pin-uphighres_zps01620866.jpg

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Excellent pin-up my friend. How many different colors did you need for her skin tone? How many hours do you have just painting her? I have considered doing an old school aviation style 40s era pin-up myself, but my shop is out of commision right now. So I have no place to airbrush (or wrench for that matter). I need to build a new pole barn and I don't have the funds right now (buying a new house will do that to you).


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I used a lot of different kandy toners over a custom metallic base, so it's hard to answer that question. I guess by blending the main transparent colors you can create from a few colors a tremendous range in your palette. I just try to paint what I see.


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Makes sense. What was your metallic base - silver?


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I mixed up a tan flesh tone that also had pearlescent in it. I can just offer that there are no fast rules - just experiment a lot to see what looks pleasing. And remember to always use a respirator when spraying automotive paints and a fresh-air respirator system when using anything with isocyanates. I think Dru still teaches a school down here in South Carolina and does Airbrush Getaways for Airbrush Action in Vegas and other places, so you might want to take a few courses to learn from the pros first hand.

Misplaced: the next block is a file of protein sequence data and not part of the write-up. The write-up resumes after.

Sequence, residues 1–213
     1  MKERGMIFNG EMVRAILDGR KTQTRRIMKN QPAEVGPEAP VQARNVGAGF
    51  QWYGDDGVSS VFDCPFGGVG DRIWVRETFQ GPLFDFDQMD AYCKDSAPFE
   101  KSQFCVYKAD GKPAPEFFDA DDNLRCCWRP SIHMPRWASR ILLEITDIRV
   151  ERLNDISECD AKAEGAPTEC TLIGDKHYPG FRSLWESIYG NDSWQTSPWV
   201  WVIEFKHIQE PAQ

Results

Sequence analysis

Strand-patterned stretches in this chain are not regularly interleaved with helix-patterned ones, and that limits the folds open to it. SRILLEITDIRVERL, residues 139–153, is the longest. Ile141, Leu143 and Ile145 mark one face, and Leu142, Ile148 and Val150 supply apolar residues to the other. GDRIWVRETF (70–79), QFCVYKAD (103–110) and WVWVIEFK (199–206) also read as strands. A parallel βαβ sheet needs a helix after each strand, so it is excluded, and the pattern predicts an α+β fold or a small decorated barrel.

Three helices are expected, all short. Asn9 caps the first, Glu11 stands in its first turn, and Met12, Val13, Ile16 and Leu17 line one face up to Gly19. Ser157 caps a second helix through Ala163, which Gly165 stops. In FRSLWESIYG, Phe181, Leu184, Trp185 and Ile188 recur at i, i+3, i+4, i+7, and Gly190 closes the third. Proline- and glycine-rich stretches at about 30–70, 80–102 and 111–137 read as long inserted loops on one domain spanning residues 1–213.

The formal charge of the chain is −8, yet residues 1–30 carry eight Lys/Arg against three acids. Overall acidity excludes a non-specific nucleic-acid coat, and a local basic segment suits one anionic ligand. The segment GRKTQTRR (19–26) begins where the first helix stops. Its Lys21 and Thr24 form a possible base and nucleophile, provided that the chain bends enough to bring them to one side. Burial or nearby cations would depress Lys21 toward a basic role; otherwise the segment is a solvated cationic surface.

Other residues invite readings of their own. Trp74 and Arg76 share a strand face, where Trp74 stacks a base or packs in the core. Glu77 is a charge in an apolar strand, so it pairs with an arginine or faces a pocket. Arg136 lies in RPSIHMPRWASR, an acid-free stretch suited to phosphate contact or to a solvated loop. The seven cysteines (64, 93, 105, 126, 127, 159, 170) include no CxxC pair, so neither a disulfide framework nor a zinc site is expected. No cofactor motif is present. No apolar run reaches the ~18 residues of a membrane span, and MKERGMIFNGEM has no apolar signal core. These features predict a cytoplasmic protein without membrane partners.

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I have read about the Vegas classes in a couple of the airbrush magazines I've picked up. I'd also like to practice my true flames with Lavallee too. Most of all I need a lot of practice.


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Welcome! Haven't watched the videos yet other then 1-2 mins of part 1 but I'm looking forward to the rest.



What is the reason for no mirrors on the T/A?


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The build followed a smoothed and shaved custom or street rod aesthetic. You'll also notice the side indicator lights are smoothed, as are the door handles and locks - shaved. Look closely and you'll see that even the bumper has been smoothed a bit by getting rid of the factory step. This is an old customizing tradition that emphasizes the car's lines over extraneous add-ons or decorative elements. Only the hood and decklid have been decorated and are viewable from a high angle, the hood bird in the factory tradition, the pin-up - acknowledgement of an American tradition dating before WWII. The glamour paint also alludes to the Motorama concept cars of the fifties. The result is something familiar to old school hot rodders but different applied to a more modern car. You might want to try these styling ideas in Photoshop first on one of your project cars to see if the result is a pleasing one.


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Welcome, man! To see not only a great job on the car, but a real bonus to get an edumacashun on E85 and performance to boot!